Germany's federal state banks, or landesbanken, are better prepared to weather the coronavirus crisis than they were to withstand the global financial crisis of 2008, but their commercial real estate and air finance portfolios could come under particular pressure, according to analysts.
With good asset quality and capital levels, lower risk appetite and Germany as their core market, landesbanken today are "materially different" from what they were in 2008, Roger Schneider, a director at the financial institutions group of Fitch Ratings, said in an interview. But given the concentration risk in their portfolios and low pre-provision profitability, their performance in 2020 and beyond is set to be rather weak, and this is reflected in Fitch's "negative" rating outlook.
Landesbanken may escape the COVID-19 crisis without rating downgrades, but there is constant pressure on them and the whole German banking system, Schneider said. They will still have to continue their "uphill battle" against low interest rates, compressed margins, and the need for high loan loss provisions and infrastructure investment.
In recent years, landesbanken have adopted a "back-to-roots" strategy to cope with the aftermath of the sector crash caused by the global financial crisis.
One large lender, WestLB, collapsed and several others had to be bailed out by the state, taken over by other landesbanken or even privatized, as in the case of Hamburg Commercial Bank AG. In 2007 there were 12 banks operating in the federal states, and now there are only six — Bayerische Landesbank AöR, Norddeutsche Landesbank Girozentrale, Landesbank Baden-Württemberg, Landesbank Hessen-Thüringen Girozentrale, Landesbank Saar and Landesbank Berlin Holding AG.
Foreign exposures and risky capital market bets got the landesbanken into trouble during the 2008 crisis. Since then, they have all significantly reduced their capital market risk and offloaded most of their toxic debt, Dierk Brandenburg, head of the financial institutions group at Scope Ratings, said in an interview.
They are therefore not seen as more vulnerable to the impact of COVID-19 than other German banks, but equally they are not immune to its negative effects, Brandenburg and Schneider said.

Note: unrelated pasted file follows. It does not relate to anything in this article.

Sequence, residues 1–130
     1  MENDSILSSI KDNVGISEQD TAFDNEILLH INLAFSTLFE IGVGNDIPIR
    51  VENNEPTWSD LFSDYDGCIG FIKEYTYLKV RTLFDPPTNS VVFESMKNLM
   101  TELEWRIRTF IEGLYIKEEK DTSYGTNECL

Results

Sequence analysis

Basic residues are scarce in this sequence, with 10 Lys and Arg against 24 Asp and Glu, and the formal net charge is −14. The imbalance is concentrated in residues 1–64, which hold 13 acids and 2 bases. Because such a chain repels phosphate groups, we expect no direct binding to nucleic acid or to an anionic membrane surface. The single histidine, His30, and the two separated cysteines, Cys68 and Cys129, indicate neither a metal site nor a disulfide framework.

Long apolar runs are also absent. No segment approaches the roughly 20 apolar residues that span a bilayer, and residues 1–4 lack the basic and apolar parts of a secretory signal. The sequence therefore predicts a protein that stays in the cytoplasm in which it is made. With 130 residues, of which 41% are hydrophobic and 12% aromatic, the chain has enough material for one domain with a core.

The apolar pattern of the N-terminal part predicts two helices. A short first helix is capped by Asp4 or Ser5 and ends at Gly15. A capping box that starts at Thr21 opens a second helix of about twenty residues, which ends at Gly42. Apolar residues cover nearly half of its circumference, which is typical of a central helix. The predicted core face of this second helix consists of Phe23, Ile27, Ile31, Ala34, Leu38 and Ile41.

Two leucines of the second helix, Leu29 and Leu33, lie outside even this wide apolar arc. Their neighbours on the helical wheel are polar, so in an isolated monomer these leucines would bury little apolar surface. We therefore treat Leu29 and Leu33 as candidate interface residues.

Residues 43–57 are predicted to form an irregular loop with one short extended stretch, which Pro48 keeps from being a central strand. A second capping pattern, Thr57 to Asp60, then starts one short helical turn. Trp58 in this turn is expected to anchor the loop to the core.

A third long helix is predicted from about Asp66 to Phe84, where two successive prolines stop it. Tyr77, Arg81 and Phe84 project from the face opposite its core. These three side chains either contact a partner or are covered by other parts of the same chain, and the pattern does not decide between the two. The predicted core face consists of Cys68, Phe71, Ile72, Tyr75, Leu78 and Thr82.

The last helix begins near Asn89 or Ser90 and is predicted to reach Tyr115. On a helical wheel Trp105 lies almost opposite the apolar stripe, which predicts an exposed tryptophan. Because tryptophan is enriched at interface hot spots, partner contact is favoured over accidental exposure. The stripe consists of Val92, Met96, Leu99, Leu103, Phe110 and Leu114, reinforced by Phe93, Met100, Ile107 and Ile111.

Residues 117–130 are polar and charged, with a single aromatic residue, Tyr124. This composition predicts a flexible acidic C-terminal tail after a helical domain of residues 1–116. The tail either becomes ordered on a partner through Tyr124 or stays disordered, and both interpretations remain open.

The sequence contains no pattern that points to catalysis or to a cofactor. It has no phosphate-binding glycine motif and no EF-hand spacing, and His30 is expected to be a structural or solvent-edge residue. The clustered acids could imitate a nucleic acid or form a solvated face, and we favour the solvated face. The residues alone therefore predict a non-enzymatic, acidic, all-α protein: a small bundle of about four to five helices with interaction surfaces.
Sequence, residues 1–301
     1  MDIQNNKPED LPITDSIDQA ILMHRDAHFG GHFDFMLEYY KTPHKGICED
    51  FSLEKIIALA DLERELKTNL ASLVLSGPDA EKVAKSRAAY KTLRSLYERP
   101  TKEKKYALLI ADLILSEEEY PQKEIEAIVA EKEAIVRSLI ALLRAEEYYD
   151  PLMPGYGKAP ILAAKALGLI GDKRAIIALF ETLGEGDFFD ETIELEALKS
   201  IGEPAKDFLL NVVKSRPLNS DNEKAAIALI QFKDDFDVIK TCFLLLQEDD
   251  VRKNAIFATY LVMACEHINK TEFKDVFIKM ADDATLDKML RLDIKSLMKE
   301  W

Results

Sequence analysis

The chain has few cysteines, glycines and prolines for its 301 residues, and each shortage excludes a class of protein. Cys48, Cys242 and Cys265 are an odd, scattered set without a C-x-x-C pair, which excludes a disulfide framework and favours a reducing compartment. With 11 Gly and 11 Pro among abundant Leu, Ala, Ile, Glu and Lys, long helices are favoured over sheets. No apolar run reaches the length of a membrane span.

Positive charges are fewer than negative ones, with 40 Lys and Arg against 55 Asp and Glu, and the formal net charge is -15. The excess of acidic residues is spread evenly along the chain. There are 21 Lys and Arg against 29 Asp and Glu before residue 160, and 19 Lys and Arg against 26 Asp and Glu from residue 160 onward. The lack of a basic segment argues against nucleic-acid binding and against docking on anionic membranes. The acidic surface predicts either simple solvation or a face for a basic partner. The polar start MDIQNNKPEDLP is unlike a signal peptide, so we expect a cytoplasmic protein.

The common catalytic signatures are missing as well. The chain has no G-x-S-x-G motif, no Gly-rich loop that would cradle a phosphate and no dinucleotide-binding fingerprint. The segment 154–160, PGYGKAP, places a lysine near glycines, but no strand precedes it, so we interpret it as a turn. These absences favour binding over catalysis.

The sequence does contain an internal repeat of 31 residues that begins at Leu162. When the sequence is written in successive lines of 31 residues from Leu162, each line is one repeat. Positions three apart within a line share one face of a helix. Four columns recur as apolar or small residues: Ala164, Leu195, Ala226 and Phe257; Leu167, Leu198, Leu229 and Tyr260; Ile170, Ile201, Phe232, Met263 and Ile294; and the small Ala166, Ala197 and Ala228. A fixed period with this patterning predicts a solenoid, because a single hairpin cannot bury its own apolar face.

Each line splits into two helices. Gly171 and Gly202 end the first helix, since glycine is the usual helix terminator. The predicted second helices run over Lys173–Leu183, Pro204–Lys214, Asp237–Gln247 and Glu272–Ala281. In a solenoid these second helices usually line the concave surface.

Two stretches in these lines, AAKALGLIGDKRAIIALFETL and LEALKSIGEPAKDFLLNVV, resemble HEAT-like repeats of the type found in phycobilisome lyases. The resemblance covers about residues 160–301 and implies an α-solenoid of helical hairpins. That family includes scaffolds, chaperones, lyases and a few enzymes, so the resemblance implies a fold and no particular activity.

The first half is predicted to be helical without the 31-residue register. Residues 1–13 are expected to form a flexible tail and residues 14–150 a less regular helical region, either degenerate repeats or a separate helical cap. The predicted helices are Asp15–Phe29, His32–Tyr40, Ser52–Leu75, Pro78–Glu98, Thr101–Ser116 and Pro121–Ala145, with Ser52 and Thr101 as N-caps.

Concentration risk is a problem for landesbanken with high exposures to certain industries and corporates. In some cases the exposure to a single company can be up to €1 billion, according to Schneider. If these sectors and corporates were to run into trouble, the banks would be harder hit than more diversified institutions, he said, and they are especially vulnerable to such hits because of low profitability.
The four largest landesbanken — BayernLB, NordLB, LBBW and Helaba — would, if combined, make a credit institution with over €900 billion in total assets that effectively made no profit in the first half of this year, Schneider said. This is a key risk because it limits their ability to cover loan losses without losing capital, Brandenburg said.
Most of the landesbanken have modeled their risk provisioning not on effective rating deterioration in the loan book but on expected deterioration, Schneider said. Actual credit defaults in the banks' portfolios in the first half were few, and there is limited visibility on potential corporate defaults in the future, he said. So it remains to be seen whether their provisions will be enough.
Compared to peers in Germany and Austria, landesbanken reported some of the lowest first-half cost-of-risk ratios, which measure the annualized loan loss provisions as a percentage of consumer loans, rating agency Moody's said in a Sept. 14 report.
Germany provides ample COVID-19 support to small and medium-sized enterprises and given the general election in October 2021, it is unlikely the government will discontinue that support abruptly, Moody's said. Still, it is unclear how many companies will be able to stay solvent as the government backing peters out.
The wild card is to find out how effective the government measures, such as the short-time working allowance, have been and what happens when some of them end, Schneider said.
Certain areas in the landesbanken's corporate portfolios are likely to come under particular pressure due to the pandemic, including commercial real estate, aircraft finance and parts of the retail sector assets, according to the analysts.
NordLB's legacy shipping exposure, which triggered an emergency state-backed recapitalization of the bank in 2019, is not likely to cause more trouble given that it is backed by state guarantees. Around half of the bank's aircraft finance exposure is also guaranteed.
Commercial real estate underwriting has been reasonably good in recent years, so it is unlikely that the whole sector will be affected, Brandenburg said. However, certain areas, such as tourism, will take a harder blow from the crisis, he said. Some of the listed commercial real estate banks in Germany, such as Aareal and Depfa, have already sold off assets on the back of this, and landesbanken with similar exposures are also likely to take a hit, he added.
First-half CRE new business volume at NordLB's real estate arm, Deutsche Hyp, nearly halved year over year and the unit expects a moderate new business decline for full-year 2020. As of June 30, Deutsche Hyp's CRE exposure was €11.66 billion, of which €6.30 billion was in Germany.
LBBW and Helaba have high CRE exposures, but risks there are probably at the lower end of the spectrum as these banks are less exposed to higher-risk sectors, such as real estate developers, and to retail property, which is under higher pressure amid the COVID-19 crisis, Schneider said.
Although not pandemic-related, automotive finance could be a bigger risk to LBBW, which is by far the largest lender to the sector among the landesbanken, with an exposure of some €12 billion. BayernLB, the second-largest lender among the federal state banks, has less than half of that, at €5.5 billion.